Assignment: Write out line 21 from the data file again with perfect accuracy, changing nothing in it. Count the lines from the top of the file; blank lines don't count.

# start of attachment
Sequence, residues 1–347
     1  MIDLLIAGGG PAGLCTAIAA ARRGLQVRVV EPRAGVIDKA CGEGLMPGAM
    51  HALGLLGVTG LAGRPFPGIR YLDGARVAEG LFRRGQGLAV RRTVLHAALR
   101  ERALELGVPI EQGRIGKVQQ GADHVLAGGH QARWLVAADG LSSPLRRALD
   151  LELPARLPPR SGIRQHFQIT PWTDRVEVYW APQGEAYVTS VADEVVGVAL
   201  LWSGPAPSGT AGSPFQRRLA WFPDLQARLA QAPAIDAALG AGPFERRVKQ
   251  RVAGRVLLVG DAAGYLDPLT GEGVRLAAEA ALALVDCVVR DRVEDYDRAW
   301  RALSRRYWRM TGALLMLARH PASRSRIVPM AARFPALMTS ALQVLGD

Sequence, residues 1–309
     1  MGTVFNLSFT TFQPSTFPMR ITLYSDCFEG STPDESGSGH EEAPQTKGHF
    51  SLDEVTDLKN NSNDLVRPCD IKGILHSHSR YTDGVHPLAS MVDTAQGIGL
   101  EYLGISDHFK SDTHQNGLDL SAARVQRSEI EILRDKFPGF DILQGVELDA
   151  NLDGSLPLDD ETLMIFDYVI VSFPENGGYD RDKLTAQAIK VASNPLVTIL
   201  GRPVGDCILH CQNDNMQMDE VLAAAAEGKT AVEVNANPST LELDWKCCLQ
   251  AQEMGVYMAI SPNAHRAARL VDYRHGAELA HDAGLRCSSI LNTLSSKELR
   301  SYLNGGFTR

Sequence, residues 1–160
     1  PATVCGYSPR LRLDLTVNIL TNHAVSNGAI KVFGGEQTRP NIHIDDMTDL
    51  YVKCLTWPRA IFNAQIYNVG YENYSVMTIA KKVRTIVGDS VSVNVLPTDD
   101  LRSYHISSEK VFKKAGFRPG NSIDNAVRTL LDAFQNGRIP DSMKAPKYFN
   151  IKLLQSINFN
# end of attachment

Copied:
   151  IKLLQSINFN